Pat Anstett began her journalism career when she took a job in the women’s department of Chicago Today, a daily tabloid.
That was 43 years ago.
The last half of her career has been spent as a health and medical journalist at the Detroit Free Press.
She’s retiring at age 65.
Anstett talks of her most memorable story, what she enjoyed about her job, and gives advice to health journalists in this Q&A.
YEARS COVERING HEALTH:
HOW THE BEAT CHANGED OVER YOUR CAREER:
Medical writing was a turn I took at age 42, after I had the first two of my three children. I found that indeed I was capable of learning new, even complicated things. I loved medicine, everything about it.
RECENT STORIES INCLUDED:
- Pediatric sedation controversies
- Health exchange developments in Michigan
- An ADHD day camp for boys, story and web chat
FAVORITE THING ABOUT YOUR JOB:
My beat taught me so much about our nation’s health, as well as my health and the health insurance industry, which gave me an eye to one of the most powerful stories in America at a critical time.
LEAST FAVORITE THING ABOUT YOUR JOB:
The blurring of lines between editorial and advertising, as newspapers get desperate for every print ad and Web dollar. We need to be honest as an industry to point out this problem and help provide guidance on how some members handle these issues.
STORY YOU’RE MOST PROUD OF:
In the early 1990s, I got a tip from an insider at the University of Michigan that Dr. Joseph Oesterling, chief urologist, had scammed the university on expenses and pocketed money from prostate cancer foundations he created. He used the money to build himself a mighty fine mansion. Through FOIA, I and reporter Maryanne George, who was a cub reporter I edited while we both were at the Michigan State News, got reams of information about his expense records showing he double- and triple-billed the university for expenses drug and medical device companies gave him. He resigned in disgrace but only served a brief stint of community service.
We ran a big story including a photo of the house that my newspaper got by hiring a helicopter (with our lawyer’s OK) and shooting it from above. (The house was on a private road with a chain fence that said no trespassing). Turns out the picture we ran was of the back of the house, but that entrance looked so posh it was taken as the front entrance. I used the photo in speeches and the back entrance comment always got good laughs.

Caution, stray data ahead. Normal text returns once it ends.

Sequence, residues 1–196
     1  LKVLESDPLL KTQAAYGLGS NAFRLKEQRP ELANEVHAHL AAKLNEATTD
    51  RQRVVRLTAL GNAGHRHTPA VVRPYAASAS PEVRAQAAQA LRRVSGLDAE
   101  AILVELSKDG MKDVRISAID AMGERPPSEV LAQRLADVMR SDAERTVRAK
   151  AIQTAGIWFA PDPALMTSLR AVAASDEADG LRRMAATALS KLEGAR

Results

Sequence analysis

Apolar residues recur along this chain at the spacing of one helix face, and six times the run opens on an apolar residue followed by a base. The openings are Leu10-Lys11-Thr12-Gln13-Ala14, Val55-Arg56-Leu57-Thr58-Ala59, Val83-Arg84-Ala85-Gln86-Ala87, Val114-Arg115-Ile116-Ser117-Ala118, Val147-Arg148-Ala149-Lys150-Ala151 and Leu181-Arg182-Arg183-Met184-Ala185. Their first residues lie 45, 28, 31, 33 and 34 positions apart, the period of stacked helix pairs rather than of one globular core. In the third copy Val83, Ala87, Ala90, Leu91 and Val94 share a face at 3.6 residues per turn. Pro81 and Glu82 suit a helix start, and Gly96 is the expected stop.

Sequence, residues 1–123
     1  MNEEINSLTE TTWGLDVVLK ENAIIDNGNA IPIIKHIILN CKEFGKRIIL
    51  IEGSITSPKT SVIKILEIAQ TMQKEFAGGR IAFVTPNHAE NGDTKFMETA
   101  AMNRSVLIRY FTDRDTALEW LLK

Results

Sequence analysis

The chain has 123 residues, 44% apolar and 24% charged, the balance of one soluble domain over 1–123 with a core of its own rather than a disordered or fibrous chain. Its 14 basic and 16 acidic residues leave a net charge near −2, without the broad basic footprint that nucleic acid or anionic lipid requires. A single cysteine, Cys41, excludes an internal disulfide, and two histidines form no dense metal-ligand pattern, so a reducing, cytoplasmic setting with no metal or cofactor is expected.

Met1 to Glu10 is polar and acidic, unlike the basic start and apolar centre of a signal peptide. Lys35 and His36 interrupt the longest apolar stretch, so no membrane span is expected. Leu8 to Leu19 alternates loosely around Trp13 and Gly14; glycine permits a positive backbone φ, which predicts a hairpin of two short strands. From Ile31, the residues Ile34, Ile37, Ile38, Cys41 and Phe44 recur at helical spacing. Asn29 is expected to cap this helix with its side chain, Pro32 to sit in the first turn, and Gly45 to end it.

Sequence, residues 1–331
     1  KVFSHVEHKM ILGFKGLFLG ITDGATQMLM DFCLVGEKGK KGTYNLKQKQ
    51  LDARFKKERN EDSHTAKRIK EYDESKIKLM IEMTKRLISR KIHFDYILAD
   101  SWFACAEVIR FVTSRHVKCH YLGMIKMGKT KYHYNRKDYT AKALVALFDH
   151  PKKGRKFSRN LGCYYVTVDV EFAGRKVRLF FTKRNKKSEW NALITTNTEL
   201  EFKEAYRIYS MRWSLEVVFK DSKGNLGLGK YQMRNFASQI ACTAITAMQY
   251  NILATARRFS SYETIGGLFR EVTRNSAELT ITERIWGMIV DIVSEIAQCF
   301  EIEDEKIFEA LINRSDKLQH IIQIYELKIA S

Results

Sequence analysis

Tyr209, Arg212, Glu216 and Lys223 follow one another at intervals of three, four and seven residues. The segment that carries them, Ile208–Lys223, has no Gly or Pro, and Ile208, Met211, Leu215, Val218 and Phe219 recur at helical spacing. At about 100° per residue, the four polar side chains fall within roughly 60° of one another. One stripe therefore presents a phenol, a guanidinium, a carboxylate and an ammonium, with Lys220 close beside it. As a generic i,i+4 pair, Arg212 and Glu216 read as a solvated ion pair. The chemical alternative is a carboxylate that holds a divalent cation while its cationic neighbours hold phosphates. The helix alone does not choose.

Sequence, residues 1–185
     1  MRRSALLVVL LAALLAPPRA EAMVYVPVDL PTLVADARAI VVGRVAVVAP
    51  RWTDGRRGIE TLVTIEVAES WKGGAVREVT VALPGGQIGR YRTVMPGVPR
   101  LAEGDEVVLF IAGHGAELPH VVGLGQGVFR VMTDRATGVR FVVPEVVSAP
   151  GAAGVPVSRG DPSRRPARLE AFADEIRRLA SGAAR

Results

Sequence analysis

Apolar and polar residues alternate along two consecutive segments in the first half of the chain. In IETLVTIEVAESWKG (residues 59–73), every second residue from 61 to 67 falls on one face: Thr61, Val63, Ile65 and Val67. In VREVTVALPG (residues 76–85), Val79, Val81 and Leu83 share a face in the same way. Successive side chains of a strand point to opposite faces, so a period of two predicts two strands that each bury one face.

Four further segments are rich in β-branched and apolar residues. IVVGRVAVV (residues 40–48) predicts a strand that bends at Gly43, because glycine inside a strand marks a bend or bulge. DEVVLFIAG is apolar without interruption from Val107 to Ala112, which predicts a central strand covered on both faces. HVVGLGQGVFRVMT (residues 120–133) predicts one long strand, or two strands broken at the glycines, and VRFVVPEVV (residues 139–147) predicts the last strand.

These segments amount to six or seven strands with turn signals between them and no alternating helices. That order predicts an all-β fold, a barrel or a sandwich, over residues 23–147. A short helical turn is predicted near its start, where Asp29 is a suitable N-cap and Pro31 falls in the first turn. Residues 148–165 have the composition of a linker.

The story opened my eyes to the poor oversight of medical professionals by most states. For the rest of my career, I wrote about disciplinary issues and lack of oversight of the professions. Oversight of medical professionals is cursory at best today and remains an important story for journalists to cover.
PAST JOURNALISM JOBS:
Chicago Today, reporter; Chicago Sun-Times, reporter; Congressional Quarterly, reporter; National Observer, summer copy editor and freelance writer; Features & News Inc., a Chicago-based news service run by Colleen and Bob Dishon; Detroit News, rewrite, night city editor, day slot, projects team editor. Detroit Free Press: 30 years of employment, the first 8 spent as an editor in features and metro.
YOUR ADVICE FOR YOUNG HEALTH JOURNALISTS:
I always told myself to spend each year with a couple new mini-beats. Then learn it from the ground up. Go after all the stories and build your base of expertise. I picked a wide range of new beats to learn within my beat. One year it was health insurance; another, the brain/neurology. Others included spinal cord injury; HIV/AIDS; community health; menopause; genetics.
I got my passport this week, which is the official document for my new Entirely Enjoying It Too Much retirement club.
I have worked 50 years except for three maternity leaves. I am going to Costa Rica with my daughters in late November; plan to take a master gardening class; and play more tennis.
My general plan is to be healthier and happier.
IF YOU WEREN’T A JOURNALIST YOU’D HAVE BEEN:
I have always wanted to be a journalist so now I will find out whatever other skills and interests I have.
I promise you won’t see me on “Dancing with the Stars.”
WHAT YOU’RE READING:
“Home Comforts: The Art and Science of Keeping House.” This is an encyclopedic but fascinating account of housekeeping that my husband purchased for himself (I won’t go there…) about everything about the home and everything I haven’t done. I hope it has a chapter on cobwebs.
ONE THING YOUR COLLEAGUES DON’T KNOW ABOUT YOU:
Beyond that I have cobwebs in my house?
ONE THING YOU’D HAVE AHCJ MEMBERS KNOW?
I love the list-serve discussions. We have some great people in the organization.
10 Health Journalism Tips from Veteran Health Writer Pat Anstett